It was late, about 10:15am, when the intercom blared “Lyle May and James Thomas report the sergeant’s office.” Curious, I hurried behind JT not knowing what to expect, but not expecting anything out of the ordinary.
As I approached the office I saw Rodney Taylor taken out in handcuffs. Even as my feet continued to move my thoughts were inordinately slow. Not until I saw half a dozen guards and an internal affairs officer, did I make the connection.
Dread loosened my limbs, squeezing my stomach into its nauseating grip. “What the hell is this?” I blurted. “What’s this all about?”
“Step into the office Mr. May” said a tall sergeant. Another guard told me to turn around and put my hands behind my back. Cold metal cinched around my wrists with audible clicks, then two guards hustled me down the main tunnel of Central Prison and into Unit-One, the solitary confinement unit. A place notorious for abuses and currently under a federal court watch because of them.
My mind turned over images of the others – JT, Rodney, Leroy and Paul – as they too were cuffed and led away to the hole. Our questions went unanswered while the internal affairs officer stood with hands on hips watching it all, his face a mask of satisfaction.
The five of us are not troublemakers and do not involve ourselves in negative things. Quite the opposite. We’ve been in most of the therapeutic groups offered by the mental health department. Through our efforts and activities we’ve realized our potential as writers and become role models for others on death row. My focus for over a decade has centered on education, prayer and being the man I was before my incarceration.
This means I am devoted to completing my degree in Behavioral Management and Confinement Practices and representing Ohio University as one of its alumni. It means communicating what I’ve learned, and applying it in a correctional setting to the best of my abilities.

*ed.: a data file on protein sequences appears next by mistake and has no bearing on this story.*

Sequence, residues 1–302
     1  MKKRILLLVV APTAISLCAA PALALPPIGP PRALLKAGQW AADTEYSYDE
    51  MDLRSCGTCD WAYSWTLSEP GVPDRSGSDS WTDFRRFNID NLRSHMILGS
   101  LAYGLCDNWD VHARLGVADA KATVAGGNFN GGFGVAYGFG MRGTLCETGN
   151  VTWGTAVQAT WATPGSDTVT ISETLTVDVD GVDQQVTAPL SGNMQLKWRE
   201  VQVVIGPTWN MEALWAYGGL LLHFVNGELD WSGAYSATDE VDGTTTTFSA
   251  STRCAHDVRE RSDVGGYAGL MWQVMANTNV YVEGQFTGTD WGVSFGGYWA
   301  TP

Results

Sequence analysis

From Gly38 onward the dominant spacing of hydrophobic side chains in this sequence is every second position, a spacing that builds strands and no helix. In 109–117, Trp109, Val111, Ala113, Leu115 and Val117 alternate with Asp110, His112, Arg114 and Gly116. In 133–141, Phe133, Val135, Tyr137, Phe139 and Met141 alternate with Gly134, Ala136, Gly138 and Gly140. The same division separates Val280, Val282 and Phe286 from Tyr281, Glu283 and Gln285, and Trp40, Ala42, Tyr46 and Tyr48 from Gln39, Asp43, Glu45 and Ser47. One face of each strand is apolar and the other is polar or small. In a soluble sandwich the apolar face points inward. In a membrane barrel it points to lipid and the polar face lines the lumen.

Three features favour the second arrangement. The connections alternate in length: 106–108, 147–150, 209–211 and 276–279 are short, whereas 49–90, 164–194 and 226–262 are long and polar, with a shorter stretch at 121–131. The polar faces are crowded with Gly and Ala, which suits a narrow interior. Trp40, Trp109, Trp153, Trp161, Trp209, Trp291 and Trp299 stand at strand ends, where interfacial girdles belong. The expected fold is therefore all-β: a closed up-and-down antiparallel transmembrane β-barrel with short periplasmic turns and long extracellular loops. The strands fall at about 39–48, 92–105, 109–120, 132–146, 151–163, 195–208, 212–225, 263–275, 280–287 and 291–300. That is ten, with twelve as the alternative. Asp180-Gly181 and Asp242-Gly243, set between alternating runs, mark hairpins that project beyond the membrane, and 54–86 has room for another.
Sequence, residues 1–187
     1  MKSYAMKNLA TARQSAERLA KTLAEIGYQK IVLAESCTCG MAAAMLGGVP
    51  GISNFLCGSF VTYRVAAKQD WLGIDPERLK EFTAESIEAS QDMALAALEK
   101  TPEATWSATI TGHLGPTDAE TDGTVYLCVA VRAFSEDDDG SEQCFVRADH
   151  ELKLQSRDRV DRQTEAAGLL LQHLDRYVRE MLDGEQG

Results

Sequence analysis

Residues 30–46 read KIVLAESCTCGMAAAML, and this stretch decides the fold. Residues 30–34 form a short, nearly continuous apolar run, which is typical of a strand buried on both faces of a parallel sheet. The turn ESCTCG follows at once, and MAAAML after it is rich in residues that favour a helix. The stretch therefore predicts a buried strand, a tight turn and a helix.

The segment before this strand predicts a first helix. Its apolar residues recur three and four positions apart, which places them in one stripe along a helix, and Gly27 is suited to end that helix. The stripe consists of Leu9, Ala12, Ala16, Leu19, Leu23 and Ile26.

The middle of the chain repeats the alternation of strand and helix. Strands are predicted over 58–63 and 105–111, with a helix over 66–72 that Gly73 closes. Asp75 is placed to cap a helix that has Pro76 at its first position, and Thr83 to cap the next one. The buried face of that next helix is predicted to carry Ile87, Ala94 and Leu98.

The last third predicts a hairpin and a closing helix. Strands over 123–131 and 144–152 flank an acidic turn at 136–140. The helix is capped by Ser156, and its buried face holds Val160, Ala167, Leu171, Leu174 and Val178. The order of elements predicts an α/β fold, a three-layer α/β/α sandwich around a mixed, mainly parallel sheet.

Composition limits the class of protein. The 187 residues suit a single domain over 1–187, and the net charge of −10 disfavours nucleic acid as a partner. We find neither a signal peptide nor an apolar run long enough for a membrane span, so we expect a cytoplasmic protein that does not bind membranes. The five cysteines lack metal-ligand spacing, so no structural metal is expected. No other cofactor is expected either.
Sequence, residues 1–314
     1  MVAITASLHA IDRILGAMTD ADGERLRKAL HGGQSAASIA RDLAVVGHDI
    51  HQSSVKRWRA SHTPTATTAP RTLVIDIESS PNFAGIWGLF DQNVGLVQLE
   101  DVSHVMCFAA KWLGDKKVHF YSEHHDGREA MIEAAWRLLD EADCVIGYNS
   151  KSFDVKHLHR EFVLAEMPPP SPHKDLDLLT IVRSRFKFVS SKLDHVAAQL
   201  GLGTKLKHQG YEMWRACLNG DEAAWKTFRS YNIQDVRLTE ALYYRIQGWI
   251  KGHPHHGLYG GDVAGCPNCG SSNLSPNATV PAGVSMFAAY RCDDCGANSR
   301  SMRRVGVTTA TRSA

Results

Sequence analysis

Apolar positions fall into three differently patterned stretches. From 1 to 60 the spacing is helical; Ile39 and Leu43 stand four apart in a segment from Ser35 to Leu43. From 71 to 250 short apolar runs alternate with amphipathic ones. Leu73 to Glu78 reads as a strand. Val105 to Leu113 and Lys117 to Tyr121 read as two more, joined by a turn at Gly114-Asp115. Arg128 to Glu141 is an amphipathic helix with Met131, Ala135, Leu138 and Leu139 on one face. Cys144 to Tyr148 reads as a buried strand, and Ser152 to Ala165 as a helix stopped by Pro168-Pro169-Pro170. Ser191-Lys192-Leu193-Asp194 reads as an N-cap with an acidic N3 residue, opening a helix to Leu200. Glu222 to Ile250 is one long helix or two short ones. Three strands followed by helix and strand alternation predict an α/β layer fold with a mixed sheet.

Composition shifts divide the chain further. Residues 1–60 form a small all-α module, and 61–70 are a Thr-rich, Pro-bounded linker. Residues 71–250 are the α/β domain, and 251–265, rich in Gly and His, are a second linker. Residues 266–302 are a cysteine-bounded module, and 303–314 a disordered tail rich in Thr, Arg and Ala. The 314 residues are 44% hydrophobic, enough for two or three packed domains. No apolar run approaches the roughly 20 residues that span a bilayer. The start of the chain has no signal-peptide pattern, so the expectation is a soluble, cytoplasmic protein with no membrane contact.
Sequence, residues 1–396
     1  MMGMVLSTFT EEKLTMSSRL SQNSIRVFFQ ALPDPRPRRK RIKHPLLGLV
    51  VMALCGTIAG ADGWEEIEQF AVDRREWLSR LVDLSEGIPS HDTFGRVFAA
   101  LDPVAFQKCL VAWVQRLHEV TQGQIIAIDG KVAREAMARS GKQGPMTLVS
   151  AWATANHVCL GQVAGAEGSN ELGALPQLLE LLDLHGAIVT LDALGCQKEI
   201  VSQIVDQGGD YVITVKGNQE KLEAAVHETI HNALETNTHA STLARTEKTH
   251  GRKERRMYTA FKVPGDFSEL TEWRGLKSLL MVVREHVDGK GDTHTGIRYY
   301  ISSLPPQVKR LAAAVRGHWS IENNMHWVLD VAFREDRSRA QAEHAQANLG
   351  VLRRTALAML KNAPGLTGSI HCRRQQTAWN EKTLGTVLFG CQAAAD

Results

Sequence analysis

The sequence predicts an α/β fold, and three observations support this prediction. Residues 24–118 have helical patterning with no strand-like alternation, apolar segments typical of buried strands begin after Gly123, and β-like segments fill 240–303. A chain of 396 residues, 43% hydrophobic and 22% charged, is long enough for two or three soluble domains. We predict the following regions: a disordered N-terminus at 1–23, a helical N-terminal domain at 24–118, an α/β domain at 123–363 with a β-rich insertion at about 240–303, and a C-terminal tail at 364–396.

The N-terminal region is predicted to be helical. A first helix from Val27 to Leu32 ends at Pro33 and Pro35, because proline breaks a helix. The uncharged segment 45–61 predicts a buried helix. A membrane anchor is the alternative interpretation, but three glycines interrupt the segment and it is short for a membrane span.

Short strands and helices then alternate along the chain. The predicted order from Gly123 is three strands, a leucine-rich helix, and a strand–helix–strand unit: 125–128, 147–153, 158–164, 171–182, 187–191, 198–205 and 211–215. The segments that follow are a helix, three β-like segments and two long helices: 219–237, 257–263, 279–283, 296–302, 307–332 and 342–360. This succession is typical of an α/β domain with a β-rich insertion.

Like the others, my writing is a vehicle of thought and expression, one that changes with my understanding of the information I absorb as it becomes available. When Hidden Voices began on the row in 2014 I discovered our writing was based on prompts that would ultimately create a mosaic in the form of the play Serving Life, and a later revision, Count.
Count is important to mention because of the extraordinary work involved in its composition – the master craft of Lynden Harris – and the fact tickets went on sale July 5, the day before our sudden isolation on Unit One. Count will be performed by North Carolina Playmakers, a registered theater guild, at Playmakers Theatre August 24-28.
Engaging in this sort of collaborative effort with other writers was about more than teamwork and expressing our stories in a creative format – it was about discovering strengths and abilities we had maybe only guessed at before. Lyden Harris recognized this and cultivated our creative potential when the State of North Carolina would prefer to execute us.
January of 2017 also marked a convergence of writerly productivity and opportunity. The Life Lines Collective was born, an online audio journal at Lifelines.is. This innovative project involved our recent access to a phone on each of the blocks, a desire to voice the impact of our incarceration through poetry, essays and spoken word, and some help from two dedicated pastors.
Life Lines is about being heard by anyone willing to listen, and that includes prison officials. Which is why each phone call recorded by the Life Lines app is vetted by an editorial board, to ensure the site does not become a place to air grievances with the administration. All who contribute are aware that responsible writing is important to maintaining this opportunity . . .
Unit-One were a case study in misery. Denied access to my property, the roar in my head was the question of “Why is this happening?” punctuated by the crippling throb of a migraine. My stomach on fire from a lack of antacid meds, there would be no help. This is the very definition of the hole, where you have to beg for each scrap of consideration most people take for granted. Toilet paper, a pen, toothpaste, soap – the cell was empty when I arrived and it took two days before I could get a pen and some paper, then a hygiene kit. Absolute dependency was not a feeling I wanted to remember and had hoped never to experience again, yet here I was.